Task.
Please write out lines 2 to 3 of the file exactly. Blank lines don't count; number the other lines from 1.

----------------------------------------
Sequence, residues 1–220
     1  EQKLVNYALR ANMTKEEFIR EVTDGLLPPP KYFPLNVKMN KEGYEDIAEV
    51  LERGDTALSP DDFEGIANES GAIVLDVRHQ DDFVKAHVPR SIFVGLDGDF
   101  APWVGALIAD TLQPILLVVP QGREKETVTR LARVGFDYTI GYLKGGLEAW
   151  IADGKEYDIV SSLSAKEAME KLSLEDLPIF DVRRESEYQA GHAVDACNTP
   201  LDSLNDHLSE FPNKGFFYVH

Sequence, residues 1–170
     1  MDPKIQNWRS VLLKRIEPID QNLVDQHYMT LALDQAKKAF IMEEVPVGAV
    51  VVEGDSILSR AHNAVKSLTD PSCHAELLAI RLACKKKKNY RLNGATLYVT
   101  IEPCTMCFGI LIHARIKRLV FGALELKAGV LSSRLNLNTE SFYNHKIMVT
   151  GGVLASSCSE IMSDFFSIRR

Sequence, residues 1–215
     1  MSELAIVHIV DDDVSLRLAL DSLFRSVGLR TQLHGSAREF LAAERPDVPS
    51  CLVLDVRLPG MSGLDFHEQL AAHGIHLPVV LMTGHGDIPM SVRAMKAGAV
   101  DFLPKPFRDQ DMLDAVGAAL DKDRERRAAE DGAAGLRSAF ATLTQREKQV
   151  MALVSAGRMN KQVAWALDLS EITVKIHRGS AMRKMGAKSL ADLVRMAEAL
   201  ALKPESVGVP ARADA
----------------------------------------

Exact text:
     1  EQKLVNYALR ANMTKEEFIR EVTDGLLPPP KYFPLNVKMN KEGYEDIAEV
    51  LERGDTALSP DDFEGIANES GAIVLDVRHQ DDFVKAHVPR SIFVGLDGDF